Reading, PA Ten years after moving to 3D CAD, engineers at Arrow International are moving to 3D CAD.
Theoretically, the medical devices company had moved to 3D back in 1987, in an effort to keep costs down, quality up, and beat their competition to market. But more than 10 years later, Arrow noticed that many of its engineers had found the training too hard, and were still designing on paper-then handing their plans to a CAD operator to create the model-which caused translation errors and expensive, last-minute change orders, says Benton Levengood, Arrow's engineering leader, CAE operations.
Arrow makes parts for the left ventricular assist device (LVAD), an implanted electromechanical device that helps a person's heart to pump blood. A cannula is the small tube portion of a catheter that attaches this pump to the heart. Although the engineers at Arrow have no problem designing these complex cannulas and other medical devices, they were having big trouble making the transition from 2D drafting to 3D CAD.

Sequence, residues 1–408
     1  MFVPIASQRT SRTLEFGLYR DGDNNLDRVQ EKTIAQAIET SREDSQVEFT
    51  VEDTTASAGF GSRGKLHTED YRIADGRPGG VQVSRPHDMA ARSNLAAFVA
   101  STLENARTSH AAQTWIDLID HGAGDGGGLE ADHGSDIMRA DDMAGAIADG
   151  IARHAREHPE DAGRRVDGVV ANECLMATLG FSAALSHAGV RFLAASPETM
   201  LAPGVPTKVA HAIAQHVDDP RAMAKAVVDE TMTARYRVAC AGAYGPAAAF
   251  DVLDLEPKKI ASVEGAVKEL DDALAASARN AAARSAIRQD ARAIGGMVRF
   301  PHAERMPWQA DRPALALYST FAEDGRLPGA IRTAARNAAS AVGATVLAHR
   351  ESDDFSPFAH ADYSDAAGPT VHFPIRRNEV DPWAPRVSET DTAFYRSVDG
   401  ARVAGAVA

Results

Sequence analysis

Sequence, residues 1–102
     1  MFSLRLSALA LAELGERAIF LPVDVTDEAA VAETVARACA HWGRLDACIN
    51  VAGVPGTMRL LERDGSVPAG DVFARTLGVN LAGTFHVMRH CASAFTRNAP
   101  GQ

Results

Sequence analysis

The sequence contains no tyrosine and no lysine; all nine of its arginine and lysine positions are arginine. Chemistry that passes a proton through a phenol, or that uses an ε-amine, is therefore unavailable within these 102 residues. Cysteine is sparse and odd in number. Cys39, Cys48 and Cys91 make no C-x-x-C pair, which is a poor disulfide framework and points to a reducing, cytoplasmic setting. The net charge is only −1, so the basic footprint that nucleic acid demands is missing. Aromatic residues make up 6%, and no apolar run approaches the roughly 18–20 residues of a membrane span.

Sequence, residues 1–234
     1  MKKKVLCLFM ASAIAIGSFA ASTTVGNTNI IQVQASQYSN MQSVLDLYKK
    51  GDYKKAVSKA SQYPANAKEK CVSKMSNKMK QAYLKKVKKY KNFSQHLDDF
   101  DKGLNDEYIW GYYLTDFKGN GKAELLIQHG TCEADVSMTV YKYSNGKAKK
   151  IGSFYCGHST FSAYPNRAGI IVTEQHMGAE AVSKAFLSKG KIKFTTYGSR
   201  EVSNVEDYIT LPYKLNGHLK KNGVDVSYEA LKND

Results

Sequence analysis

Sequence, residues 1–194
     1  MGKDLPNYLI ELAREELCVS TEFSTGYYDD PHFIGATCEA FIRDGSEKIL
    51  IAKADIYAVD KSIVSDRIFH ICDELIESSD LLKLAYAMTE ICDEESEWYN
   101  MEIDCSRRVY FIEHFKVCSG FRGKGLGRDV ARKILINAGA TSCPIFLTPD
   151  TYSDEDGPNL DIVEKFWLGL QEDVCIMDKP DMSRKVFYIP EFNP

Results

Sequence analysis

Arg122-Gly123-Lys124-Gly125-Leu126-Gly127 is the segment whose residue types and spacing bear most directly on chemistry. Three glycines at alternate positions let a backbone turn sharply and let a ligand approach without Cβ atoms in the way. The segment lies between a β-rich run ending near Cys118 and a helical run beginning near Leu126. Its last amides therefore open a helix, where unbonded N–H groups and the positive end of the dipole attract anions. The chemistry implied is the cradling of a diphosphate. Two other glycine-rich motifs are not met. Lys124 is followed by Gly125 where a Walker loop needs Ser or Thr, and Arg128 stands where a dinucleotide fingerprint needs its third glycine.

So Arrow scrapped its old high-end, UNIX-based CAD system and went shopping for an easy-to-use, mid-range 3D modeler. They settled on Solid Edge, from Unigraphics Solutions (St. Louis, MO).
"Now that we've got this Windows-based system into the hands of more users, we have eliminated many of the problems we had in the past," says Levengood. "We're seeing less redesign and mold rework, and that translates into faster development."
With their new software, the number of CAD users at Arrow jumped from 12 to 45 within 18 months, thanks largely to ease-of-use features like fewer keystrokes, an intuitive user interface, and locating the program on the desktop. They also found time savings in communicating with their suppliers.
While some operations-like curving a helical feature around a bend, or designing a complex valve flange-are tougher in mid-range than high-end CAD, the benefits more than compensate. "You take a great designer and give them the proper tool, and there's a lot they can do with it," says Levengood.